All differences were statistically significant with 95% confidence.
At the 58 individual sites, changes in speed measures vary by location. As shown in Figure 1, at 33 sites (56.9%) there was a decrease in mean speed, at 43 sites (74.1%) a decrease in median speeds, and at 50 sites (86.2%) a decrease in 85th percentile speed. Decreases were also observed for the percentage of vehicles traveling faster than 40.23 km/hr (25 mi/hr) (74.1%), 48.28 km/hr (30 mi/hr) (69.0%), and 56.33 km/hr (35 mi/hr) (72.4%). Spatial patterns were also investigated, but no apparent spatial patterns among speed changes were present.
Figure 2 shows mean speed changes using a bar plot, sorted by the magnitude of change. Changes in mean speed range from a decrease of 5.63 km/hr (3.5 mi/hr) to an increase of 3.86 km/hr (2.4 mi/hr). The average decrease was 2.25 km/hr (1.4 mi/hr) and the average increase 1.13 km/hr (0.7 mi/hr). Figure 3 shows the change in percentage of vehicles traveling faster than 48.28 km/hr (30 mi/hr). These changes range from a decrease of 29.5% to an increase of 4.4%. The average decrease was 3.8% and the average increase 0.8%.
A series of statistical models were developed to determine the effects of the speed limit reduction while controlling for other available factors. An indicator variable (1 if after reduction, 0 if before) was created to estimate the effects of the reduction.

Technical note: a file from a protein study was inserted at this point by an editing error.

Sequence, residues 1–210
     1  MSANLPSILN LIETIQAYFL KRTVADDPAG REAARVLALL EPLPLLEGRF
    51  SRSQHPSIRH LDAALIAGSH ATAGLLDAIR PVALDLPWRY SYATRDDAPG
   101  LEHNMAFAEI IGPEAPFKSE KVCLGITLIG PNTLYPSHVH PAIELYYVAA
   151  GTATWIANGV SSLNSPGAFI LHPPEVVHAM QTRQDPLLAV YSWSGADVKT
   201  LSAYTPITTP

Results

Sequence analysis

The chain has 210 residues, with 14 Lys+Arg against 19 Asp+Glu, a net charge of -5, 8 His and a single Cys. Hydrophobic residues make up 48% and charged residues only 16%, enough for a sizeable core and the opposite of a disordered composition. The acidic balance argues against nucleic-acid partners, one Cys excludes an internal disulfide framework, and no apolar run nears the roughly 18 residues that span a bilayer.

Final model specifications for the log-linear regression model are shown in Table 2. The estimate for the after-reduction indicator indicates an expected decrease in observed speed of approximately 1.0%, on average. The parameter is significant with well over 99% confidence. This expected decrease is about 3-times greater than the 0.30% observed by Hu and Cicchino (2020) in a similar study.
Model results align with expectations regarding vehicle speeds. Street width is associated with higher speed (Fitzpatrick et al. 2001). Curb height is likely associated with on-street parking and contributes to narrow available travel way (decrease in speed). Pavement quality and ride are likely to be related to vehicle speed, but the literature is sparse. Previous studies have also found that speeds were less on weekends (Bornioli et al. 2018; Giles 2004).
Binary logit model specifications for the three speed thresholds are shown in Table 3. Parameter estimates, in absolute value, increase as the speed thresholds increase. For the after reduction indicator, the change in odds increases in magnitude as the speed threshold increases. The parameter estimate for after the speed limit reduction suggests a 15.9% reduction in odds of observing speeds greater than 40.23 km/hr (25 mi/hr), a 33.6% reduction in odds of observing speeds greater than 48.28 km/hr (30 mi/hr), and a 49.6% reduction in odds of observing speeds greater than 56.33 km/hr (35 mi/hr). These results confirm the inference from the descriptive analysis; specifically, the percentage of vehicles traveling in the higher speed bins decreased after the reduction.
The authors want to acknowledge the Portland Bureau of Transportation (PBOT) for funding this work and providing the necessary data. The authors also want to thank Matthew Kelly of PBOT for his support duirng the project.